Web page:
Thursday, October 07, 2004


If pilots get their wings upon soloing, what do geeks get upon compiling their first kernel?

Probably a wedgie.

To complete the requirements for my assignment in CS518 I compiled, installed, and safely booted off of a linux kernel that I compiled myself. Somehow, it's odd to take credit for compiling the kernel as if I had some part in making it, which, in this case, I almost did as I configured it specifically for my box's hardware and changed the banner that printed when the kernel starts.

To perform this feat of geekdom, I largely followed the steps provided by Kwan Lowe in the Kernel Rebuild Guide. Many thanks to Kwan Lowe.

In summary, the steps I followed were

  1. Get the source
    This was easy because I already had it downloaded for class earlier.
  2. Modify the source
    Taking the path of least resistance, I modified init/version.c and prefixed the contents of linux_banner to with "Leif's" so that the OS now reports as "Leif's Linux version" when it boots.
  3. Configure the kernel
    Configuring the kernel is vastly easier than it sounds. It ships with a default configuration that is suitable for most any PC; if you don't change anything, it'll probably work. Also, there's a nice graphical config tool that can be started by running make gconfig. The biggest steps here were selecting the exact CPU that I have and eliminating features I knew I wouldn't use, like NUMA-Q support.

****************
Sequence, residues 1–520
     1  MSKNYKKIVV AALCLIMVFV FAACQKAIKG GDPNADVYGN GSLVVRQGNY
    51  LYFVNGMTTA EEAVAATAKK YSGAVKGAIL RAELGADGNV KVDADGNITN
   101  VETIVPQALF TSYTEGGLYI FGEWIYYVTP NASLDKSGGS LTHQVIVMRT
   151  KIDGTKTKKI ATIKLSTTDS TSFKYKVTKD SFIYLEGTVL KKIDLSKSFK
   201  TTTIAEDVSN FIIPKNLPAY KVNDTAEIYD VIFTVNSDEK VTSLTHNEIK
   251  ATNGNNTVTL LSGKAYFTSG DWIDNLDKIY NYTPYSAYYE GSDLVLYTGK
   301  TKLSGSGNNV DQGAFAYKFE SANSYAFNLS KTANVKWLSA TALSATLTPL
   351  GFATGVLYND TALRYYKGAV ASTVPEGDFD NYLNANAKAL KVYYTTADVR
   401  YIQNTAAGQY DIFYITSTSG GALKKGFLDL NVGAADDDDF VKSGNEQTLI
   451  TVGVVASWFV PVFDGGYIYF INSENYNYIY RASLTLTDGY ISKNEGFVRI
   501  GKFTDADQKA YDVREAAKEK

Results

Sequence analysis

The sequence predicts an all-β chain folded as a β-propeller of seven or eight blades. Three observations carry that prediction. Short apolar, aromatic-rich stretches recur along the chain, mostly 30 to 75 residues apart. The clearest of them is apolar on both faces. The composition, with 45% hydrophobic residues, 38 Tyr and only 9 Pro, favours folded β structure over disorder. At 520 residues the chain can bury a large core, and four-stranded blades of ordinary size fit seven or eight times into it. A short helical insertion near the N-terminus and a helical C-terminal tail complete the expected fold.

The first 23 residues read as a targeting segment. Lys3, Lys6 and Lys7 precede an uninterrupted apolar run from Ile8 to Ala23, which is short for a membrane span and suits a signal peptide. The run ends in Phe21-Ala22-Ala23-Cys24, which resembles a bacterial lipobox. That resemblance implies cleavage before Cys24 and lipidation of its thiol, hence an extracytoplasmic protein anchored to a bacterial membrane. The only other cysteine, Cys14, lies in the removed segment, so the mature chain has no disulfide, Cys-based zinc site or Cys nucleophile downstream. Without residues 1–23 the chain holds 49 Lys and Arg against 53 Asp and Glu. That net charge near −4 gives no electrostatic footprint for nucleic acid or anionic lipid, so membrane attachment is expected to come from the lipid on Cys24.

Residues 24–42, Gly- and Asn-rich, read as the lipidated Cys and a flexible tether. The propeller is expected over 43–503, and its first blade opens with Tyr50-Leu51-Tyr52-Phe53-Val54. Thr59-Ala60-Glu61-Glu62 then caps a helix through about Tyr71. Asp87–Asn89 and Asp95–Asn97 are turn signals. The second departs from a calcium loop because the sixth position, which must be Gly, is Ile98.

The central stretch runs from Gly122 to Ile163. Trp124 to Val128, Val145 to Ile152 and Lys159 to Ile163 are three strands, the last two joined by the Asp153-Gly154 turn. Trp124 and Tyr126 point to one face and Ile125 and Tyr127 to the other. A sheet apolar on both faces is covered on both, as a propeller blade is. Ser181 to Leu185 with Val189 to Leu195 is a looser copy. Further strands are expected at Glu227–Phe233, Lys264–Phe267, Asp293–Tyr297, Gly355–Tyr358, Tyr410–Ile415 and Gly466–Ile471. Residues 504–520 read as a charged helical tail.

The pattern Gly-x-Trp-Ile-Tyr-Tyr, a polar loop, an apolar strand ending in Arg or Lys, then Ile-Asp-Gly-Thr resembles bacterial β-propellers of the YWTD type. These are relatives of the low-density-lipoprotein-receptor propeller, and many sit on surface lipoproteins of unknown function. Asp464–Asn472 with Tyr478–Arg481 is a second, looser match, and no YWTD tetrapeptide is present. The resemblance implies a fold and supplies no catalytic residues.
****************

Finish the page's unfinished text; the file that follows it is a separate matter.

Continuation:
4. Make the kernel
    Run make bzImage. The wait time for this was a few minutes.
  5. Make the modules
    Run make modules. The wait time for this was 18 minutes.
  6. Install the modules
    As root, run make install_modules.
  7. Install the kernel
    As root, copy the kernel image and the driver ramdisk image to /boot. Then edit /boot/grub/grub.conf and add an entry for new kernel and ramdisk images; this is mostly a matter of copying and pasting and existing configuration's lines and replacing the names of the kernel and ramdisk images with the new ones. You can set the default kernel image to your new kernel, if you're feeling brave.
  8. Reboot

And then, if all went well, you'll be able to pick your kernel from the boot list and watch your handiwork, standing on the shoulders of giants.

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